So agencies only one of them, then two other smaller ones. Full focus on work. But also during that time, it was when one of the most important learning for me came that if you focus on only one thing you'll get much better results and you focus on three, four, how many things at once. So, yeah.

Connor: That is a great lesson that I probably should listen to myself. So at that time, you know, did you look up to anybody even your partner? Was there anybody that inspired you or, you know, tell us how this idea came about? 

Jacob Anson: In terms of like inspiration, maybe the only one, which like, for me, got to be kind familiar with agency space. I think a lot of agency owners or the newer ones will, will know him other that for me, it was always like a personal thing. I didn't like when I was smaller every day I was dream dreaming about being my own boss, working for myself. I didn't know how I was gonna do it. 

Obviously not through email marketing that wasn't even an option, but then as you meet people, new opportunities come and then like email marketing just naturally came out as the best option or the best vehicle to build the business.

Connor: So yeah, you start an email marketing agency. You don't really know much about email marketing. And how did you like upskill at that time?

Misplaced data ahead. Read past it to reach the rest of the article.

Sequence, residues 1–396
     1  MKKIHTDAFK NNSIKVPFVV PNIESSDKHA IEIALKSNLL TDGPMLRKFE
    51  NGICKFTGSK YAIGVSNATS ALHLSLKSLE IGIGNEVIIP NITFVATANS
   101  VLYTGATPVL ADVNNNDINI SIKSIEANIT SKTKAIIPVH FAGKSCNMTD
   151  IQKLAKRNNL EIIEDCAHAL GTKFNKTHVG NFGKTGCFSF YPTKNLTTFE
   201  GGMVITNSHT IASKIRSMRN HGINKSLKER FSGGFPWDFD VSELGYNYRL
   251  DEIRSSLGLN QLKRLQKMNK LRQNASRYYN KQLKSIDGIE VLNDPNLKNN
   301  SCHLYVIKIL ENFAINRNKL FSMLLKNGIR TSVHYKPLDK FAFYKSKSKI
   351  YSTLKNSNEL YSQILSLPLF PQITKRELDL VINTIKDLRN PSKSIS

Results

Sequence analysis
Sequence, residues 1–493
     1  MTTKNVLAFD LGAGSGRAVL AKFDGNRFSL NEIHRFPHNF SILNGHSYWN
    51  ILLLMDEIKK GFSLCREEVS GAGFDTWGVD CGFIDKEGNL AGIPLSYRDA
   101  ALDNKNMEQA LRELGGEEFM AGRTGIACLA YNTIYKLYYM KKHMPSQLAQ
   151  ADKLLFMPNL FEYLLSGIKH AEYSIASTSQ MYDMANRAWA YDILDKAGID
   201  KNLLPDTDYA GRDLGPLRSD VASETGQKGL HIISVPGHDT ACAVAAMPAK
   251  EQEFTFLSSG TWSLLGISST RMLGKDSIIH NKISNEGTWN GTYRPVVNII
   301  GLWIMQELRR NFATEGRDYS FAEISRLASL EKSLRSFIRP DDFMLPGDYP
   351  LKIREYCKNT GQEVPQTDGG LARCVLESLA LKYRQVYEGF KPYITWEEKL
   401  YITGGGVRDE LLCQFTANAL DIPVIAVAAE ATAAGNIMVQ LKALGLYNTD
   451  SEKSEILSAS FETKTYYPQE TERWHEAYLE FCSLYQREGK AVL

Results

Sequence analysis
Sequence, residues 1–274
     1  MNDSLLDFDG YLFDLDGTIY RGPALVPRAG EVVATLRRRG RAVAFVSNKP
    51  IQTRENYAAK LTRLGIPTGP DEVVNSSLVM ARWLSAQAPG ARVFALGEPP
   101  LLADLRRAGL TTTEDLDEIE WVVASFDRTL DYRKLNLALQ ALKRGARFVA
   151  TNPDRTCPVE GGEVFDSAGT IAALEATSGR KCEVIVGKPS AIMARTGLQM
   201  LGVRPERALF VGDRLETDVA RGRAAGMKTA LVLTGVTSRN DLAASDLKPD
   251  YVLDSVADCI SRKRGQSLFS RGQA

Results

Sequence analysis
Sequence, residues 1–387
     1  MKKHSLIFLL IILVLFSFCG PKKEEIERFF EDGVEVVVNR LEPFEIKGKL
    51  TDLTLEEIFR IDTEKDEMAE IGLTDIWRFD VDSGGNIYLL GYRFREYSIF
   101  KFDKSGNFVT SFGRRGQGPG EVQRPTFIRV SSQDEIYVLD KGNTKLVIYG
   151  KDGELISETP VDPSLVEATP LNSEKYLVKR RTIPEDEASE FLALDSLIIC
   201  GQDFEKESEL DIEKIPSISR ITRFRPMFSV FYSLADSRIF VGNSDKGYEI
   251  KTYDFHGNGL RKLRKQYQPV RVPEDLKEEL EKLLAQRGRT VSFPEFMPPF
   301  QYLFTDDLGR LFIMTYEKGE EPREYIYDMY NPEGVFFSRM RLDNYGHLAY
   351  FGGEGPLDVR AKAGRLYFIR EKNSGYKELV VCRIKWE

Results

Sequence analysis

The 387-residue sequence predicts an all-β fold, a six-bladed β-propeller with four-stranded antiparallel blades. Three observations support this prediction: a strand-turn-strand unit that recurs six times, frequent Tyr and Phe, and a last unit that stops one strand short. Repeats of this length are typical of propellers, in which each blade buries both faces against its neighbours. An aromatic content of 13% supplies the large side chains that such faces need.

Jacob Anson: Great question. At this point, like I was lucky because my partner actually had some marketing experience.

So I was at that point, I think it basically had zero. My partner had some experience. I think he had handled a client before, but still we were like, I would say nowhere near the field level of where we should be at to handle legal marketing clients. That's also the good thing, or also also like other, other important thing I've learned along the way. I'm much, it's much more important to start before you think you're ready than just to wait longer and longer when you think you're actually ready or also of course.

So the first few clients, there were messed up a lot of them to be honest, but still through that, we learn more quickly because they, you have direct response. The direct accountability, you messed up with client's accounts, your pay goes away. So just make, you'll make sure yourself, you'll learn everything quicker, but yeah, at the start, we were not really that qualified first, your clients, a lot of messed up a lot of issues, but through that you learned what to do, what not to do and yeah, the first few steps.